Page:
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Dodgers Dugout: And now, the end is here

The Atlanta Braves celebrate their NLCS victory.
(Robert Gauthier / Los Angeles Times)

Hi, and welcome to another edition of Dodgers Dugout. My name is Houston Mitchell, and another season comes to an end for the Dodgers.

Game 6 thoughts

—Well, after an incredible 106-win season, a lackluster ending for the Dodgers.

—Most Dodgers fans are trying to find one thing to blame for the loss. Max Scherzer not pitching. Injuries. Dave Roberts’ managing. Poor clutch hitting. Poor starting pitching. Shaky defense. A tough wild-card game and NLDS. Not sitting in the same place every game.

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—However, it’s almost never one thing that causes a team to lose a series, it’s a series of things, including all of the above. They all contributed. But you know what contributed the most? The Braves outplayed them.

—The Braves took advantage of every key situation. Seemed to come up with every clutch hit when needed. Played with a lot more spark.

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—So, yes, there were many things the Dodgers could have done better, but you have to congratulate the Braves for going out and taking it from them.

—The Braves know the secret to stopping the Dodger offense: Get ahead in the count. Do that, and the Dodgers will expand their strike zone and start chasing. Tyler Matzek did it to perfection in the seventh inning with two on and none out, striking out the side.

—"His fastball is an elite fastball,” Mookie Betts said of Matzek. “When you pair it with a really good breaking ball, the combination shut us down every time. I know he shut me down. So just have to tip my cap to him.”

—It would be easy to blame the loss on injuries, but the Braves had plenty of injuries during the season and lost their entire starting outfield.

—Betts, Corey Seager and Will Smith combined to go 13 for 70 (.186) with six RBI’s.

—“I think for my message to our guys…it was a tremendous season, it was a heck of a year,” Roberts said. “Going through a lot of different things that we went through that no one talked about, no one needed to talk about, and didn’t let it affect our performance, and that’s something I was proud of. It’s still not lost on any of us that we didn’t accomplish our goal.”

—You see Steven Souza Jr. come up in a key situation as a pinch-hitter, and, with all respect to Souza, you say to yourself “How did this happen?” You also say “Wonder how Kiké Hernandez would do here.” And “Why not pinch-hit with Austin Barnes, who makes contact at least.” And yes, I understand the Dodgers tried to retain Hernandez, who wanted to go someplace and start. You still wonder though.

—You see Kenley Jansen get the last out in the eighth and say to yourself “I wonder if that is the last time we’ll see him in a Dodger uniform.”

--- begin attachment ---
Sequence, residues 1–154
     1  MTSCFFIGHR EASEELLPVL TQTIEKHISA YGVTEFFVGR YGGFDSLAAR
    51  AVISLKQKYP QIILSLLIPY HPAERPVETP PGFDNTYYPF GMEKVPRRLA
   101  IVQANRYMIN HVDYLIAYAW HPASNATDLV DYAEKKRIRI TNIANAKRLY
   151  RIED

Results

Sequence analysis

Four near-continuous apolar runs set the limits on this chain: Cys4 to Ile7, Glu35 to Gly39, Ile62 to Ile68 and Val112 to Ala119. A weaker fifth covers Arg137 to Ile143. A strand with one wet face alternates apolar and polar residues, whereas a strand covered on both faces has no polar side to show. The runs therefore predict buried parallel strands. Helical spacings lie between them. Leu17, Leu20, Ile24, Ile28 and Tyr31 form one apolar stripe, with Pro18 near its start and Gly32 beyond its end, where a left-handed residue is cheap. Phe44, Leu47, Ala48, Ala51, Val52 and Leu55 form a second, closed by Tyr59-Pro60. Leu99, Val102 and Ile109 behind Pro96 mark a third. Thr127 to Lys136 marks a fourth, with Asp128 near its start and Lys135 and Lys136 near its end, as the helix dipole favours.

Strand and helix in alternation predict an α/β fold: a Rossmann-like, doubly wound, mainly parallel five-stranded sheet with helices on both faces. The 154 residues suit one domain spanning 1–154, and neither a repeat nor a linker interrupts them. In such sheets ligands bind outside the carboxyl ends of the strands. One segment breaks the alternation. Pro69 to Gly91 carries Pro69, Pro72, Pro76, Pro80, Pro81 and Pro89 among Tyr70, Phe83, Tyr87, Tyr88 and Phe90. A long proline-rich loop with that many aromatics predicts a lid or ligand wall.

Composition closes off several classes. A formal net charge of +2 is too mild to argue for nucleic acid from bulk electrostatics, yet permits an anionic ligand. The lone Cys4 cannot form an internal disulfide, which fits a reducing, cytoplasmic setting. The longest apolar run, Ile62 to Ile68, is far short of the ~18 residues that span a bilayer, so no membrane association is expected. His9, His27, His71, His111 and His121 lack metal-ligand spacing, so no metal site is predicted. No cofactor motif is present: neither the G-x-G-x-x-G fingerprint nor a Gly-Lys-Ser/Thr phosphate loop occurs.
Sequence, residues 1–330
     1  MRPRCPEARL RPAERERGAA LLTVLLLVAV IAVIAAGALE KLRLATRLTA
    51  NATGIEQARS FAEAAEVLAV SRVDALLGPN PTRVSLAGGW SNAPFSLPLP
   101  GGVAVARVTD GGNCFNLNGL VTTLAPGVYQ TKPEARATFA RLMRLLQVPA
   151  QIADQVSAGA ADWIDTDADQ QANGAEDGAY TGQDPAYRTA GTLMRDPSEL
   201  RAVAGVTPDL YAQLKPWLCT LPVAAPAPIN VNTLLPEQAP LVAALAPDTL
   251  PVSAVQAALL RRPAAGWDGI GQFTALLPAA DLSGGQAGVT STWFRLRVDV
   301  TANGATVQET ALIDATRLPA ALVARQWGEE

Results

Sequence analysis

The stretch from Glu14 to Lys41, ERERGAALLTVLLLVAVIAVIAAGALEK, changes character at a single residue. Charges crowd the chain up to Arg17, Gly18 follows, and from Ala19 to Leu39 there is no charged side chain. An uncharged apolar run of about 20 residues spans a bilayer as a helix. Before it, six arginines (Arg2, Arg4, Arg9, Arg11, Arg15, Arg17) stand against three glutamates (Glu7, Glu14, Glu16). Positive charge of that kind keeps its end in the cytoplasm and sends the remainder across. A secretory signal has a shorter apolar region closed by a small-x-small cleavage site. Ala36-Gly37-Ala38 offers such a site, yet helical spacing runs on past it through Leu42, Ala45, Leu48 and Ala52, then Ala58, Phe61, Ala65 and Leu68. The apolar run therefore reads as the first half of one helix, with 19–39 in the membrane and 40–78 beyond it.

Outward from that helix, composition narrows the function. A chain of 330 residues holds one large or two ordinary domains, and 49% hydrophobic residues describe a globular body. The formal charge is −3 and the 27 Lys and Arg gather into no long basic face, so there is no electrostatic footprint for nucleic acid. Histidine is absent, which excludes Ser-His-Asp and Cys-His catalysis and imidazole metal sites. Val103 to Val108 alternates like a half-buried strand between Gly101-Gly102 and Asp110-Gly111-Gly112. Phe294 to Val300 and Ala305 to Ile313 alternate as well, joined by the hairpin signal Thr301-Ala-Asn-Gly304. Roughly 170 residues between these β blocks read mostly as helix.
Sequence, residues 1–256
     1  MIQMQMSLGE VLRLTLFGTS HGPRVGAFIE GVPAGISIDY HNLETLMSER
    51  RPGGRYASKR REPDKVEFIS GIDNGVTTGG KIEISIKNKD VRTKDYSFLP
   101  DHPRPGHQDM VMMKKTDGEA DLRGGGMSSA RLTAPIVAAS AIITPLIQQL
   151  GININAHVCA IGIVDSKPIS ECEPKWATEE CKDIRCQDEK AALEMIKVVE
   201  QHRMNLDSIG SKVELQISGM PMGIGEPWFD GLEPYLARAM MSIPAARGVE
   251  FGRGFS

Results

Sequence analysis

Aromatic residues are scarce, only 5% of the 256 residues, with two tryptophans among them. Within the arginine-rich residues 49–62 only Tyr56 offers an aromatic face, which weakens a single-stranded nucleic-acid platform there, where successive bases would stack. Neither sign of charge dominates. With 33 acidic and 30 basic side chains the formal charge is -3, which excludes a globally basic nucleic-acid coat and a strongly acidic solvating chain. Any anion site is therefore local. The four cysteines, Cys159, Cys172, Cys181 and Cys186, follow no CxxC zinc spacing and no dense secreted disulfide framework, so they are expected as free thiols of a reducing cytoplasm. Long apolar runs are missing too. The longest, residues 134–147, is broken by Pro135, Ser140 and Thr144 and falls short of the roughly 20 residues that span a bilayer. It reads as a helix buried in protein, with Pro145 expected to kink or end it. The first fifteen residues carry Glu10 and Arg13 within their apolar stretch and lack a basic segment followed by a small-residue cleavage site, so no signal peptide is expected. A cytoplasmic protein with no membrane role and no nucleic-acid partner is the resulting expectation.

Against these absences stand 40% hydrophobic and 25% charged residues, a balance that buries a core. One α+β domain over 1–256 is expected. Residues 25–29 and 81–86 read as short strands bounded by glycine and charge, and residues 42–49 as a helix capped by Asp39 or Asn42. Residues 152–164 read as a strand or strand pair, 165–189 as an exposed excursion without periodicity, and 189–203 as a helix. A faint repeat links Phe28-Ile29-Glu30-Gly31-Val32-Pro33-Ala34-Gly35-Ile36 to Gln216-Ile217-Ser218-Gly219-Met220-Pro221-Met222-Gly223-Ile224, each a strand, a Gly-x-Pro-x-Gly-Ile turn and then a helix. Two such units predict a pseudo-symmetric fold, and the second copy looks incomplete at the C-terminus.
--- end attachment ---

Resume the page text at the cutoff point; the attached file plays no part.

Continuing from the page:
—You see Chris Taylor strike out in the ninth and say to yourself “I wonder if that is the last time we’ll see him in a Dodger uniform.”

—You see Scherzer and Clayton Kershaw talking on the bench and you say to yourself “I wonder if that is the last time we’ll see them in a Dodger uniform.”

—You see Albert Pujols standing on deck when the final out is made and you say “I wonder if that is the last time we’ll see him in any uniform.”

—You see Seager in his last at-bat and say “Is there any way to sign him and convince him or Trea Turner that it is OK not to play shortstop?”

—“The six years that I’ve been here it’s been a core group of guys that potentially could be turned over this winter,” Roberts said. “I’m not looking forward to it. They’re great players and great men and I wish we could have won another one with this group.”

—You see Trea Turner and say “How does a guy win the batting title during the season and not hit hardly at all in the postseason?”

—You see the Dodger bullpen put up zero after zero and say “This has been incredible relief work throughout the postseason.”

—You see Matt Beaty starting at first base and say to yourself “I wonder if having Max Muncy would have made any difference.”

—You see little kids in the stands cheering in the stands and say “Good for them.” At least, I hope you do.

—You watch a clearly tiring Walker Buehler pitch to Eddie Rosario with two on and say to yourself “I wonder how Alex Vesia would do here.”

—You see Rosario at the plate and think “Does this guy come up every inning?

—You watch the final out and feel the disappointment wash over you. Then you look at the people around you, realize what is truly important in life, and think to yourself “When does spring training start?” At least, I hope you do.

—My prediction remains: Dodgers in nine.

What’s next?

There is no off-season for Dodgers Dugout. You will all get a break from my incessant rambling until a couple of days after the World Series ends, when we’ll be back to discuss the free agent situation, have a poll on whether Dave Roberts should remain manager, poll whether the Dodgers should bring back their free agents, run Carl Erskine‘s answers to your questions, and a special surprise for newsletter readers: Dodgers Dugout readers will select a Dodgers Hall of Fame. So, as our seventh season together comes to an end, we turn the page and look ahead to season eight.

As this season comes to an end, I sincerely thank all of you for making this newsletter more popular than it has ever been. We have far more subscribers than the Dodgers’ average attendance this year. This newsletter belongs to all of us, I just serve as the curator and tour guide. Thanks for all the emails and tweets, even when you disagree with me.

Dodgers in this postseason

In the NLCS

Batters

Chris Taylor, .476 (10 for 21, 5 runs, 3 doubles, 3 homers, 9 RBIs, 3 walks, 7 strikeouts)

Cody Bellinger, .412 (7 for 17, 2 runs, 1 homer, 4 RBIs, 3 walks, 3 strikeouts)

AJ Pollock, , .381 (8 for 21, 5 runs, 3 doubles, 2 homers, 7 RBIs, 0 walks, 3 strikeouts)